So that brings us now to Friday, 14 days later.
Friday, March 25, 9:30 am
Despite what we’ve been told in the news, a “radioactive cloud” has not [yet] swept down on Tokyo, much less Seattle, there is no “mass evacuation by foreigners,” and no “nuclear explosion.” And while a few people I know have taken unplanned holidays to Hawaii and elsewhere, most folks I know have elected to stay put. Several extremely helpful websites and maillists have sprung up, including by some foreigners who have their own amateur monitoring stations that appear to confirm the official (thus less believable) government radiation reports.
These monitors all show that radioactivity in Tokyo IS slightly up, but so far well under the amounts considered dangerous, even for long-term cancer risk. People flying to escape danger will receive much more radiation exposure from high-altitude cosmic rays, etc. than if they had remained here. My favorite comparison suggests that you already receive some exposure from your “hot” spouse sleeping next to you, and from eating (imported) bananas.
In terms of certain foods, like spinach and milk in which low levels of radioactivity have been found, the government has banned their sale from the affected area. Even if you did imbibe some, it is not enough to cause any ill effects. One friend sent me a link to a blog post that said quaffing red wine is thought to reduce the effects of radiation exposure. Any excuse, in my mind!
[The bulk of this was written before the sobering news yesterday that Tokyo health officials were cautioning that pregnant and nursing mothers and infants should not drink tap water (nor formula prepared with it, in the case of babies) due to the newly determined presence of radioactivity. While this is yet thought to be within safe limits for adults, the long-term danger to infants could be quite serious, almost double the limit considered safe for newborns. This morning Japanese newspapers said the “quarantine” against drinking Tokyo tap water had been suspended.]
My favorite part of all this, to the extent that anything at all has has been comforting, is how well the Japanese people have coped with a combined disaster of this scale. Any one of these horrendous events — the earthquake and its aftershocks, the tsunami that has left as many as 23,000 dead and missing, the out-of-control nuclear plants —  would have likely caused massive panic in other countries. (In fact, the only scenes of public panic I have caught were videoed in China of buyers clamoring for iodized salt thought to reduce the ill effects of radiation that might blow their way.)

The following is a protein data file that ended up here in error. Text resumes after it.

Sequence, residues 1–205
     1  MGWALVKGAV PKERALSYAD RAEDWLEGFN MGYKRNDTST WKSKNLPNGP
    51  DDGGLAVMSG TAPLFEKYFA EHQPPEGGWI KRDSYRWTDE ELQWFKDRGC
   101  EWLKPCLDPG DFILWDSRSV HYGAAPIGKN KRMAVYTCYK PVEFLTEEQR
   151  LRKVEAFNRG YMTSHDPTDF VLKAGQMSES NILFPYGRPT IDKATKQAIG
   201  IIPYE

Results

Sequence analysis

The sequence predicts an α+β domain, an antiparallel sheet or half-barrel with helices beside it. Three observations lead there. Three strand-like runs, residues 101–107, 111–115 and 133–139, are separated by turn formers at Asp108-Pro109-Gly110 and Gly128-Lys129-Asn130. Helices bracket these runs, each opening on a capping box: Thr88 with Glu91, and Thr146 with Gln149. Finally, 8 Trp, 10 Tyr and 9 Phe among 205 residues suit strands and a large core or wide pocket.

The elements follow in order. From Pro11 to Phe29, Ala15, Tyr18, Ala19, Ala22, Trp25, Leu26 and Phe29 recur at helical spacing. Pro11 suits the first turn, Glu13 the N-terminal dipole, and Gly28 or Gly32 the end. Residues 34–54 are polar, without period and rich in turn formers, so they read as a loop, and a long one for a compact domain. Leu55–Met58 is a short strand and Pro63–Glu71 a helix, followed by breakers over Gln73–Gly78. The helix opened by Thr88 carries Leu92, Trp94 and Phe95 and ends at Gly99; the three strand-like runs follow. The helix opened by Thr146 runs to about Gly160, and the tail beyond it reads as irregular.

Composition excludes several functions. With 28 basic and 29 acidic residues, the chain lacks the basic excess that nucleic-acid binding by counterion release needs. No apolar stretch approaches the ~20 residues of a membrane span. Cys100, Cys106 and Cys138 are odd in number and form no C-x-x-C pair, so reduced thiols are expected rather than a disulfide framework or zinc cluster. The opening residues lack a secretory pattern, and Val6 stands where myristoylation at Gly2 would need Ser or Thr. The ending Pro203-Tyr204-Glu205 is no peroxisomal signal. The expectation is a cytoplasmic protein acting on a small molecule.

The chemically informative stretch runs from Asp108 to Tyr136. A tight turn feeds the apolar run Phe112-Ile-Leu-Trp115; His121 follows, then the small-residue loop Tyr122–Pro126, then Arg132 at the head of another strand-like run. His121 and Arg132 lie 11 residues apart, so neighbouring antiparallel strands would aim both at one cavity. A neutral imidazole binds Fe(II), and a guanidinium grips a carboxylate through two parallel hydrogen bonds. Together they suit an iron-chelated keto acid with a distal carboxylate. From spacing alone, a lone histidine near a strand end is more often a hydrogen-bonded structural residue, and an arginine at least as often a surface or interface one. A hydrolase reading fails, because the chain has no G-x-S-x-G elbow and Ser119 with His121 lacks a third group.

Here, friends and family have told me that where they were forced to spend that first scary night on bare concrete floors there were no displays of anger or fear, only acts of kindness.
I love what that says about not just Japanese, but about what we ALL can potentially rise to under similarly trying circumstances.
Meanwhile, happy to say, our Texas earthquake alarm has on the most part gone quiet.

Oh, and to be perfectly honest, he originally wrote this for someone from his high school class back in Texas. That’s why it’s just semi-exclusive.

Excellent report, Hunter. And awesome video.

3 thoughts on “Semi-exclusive report from our intrepid correspondent in Japan, Hunter Brumfield

  1. bud

    Wow! That video was remarkable. After Hunter stated it was at least a 5 it got considerably worse. I wonder what the equivalent reading was in Tokyo? A 7.0 maybe?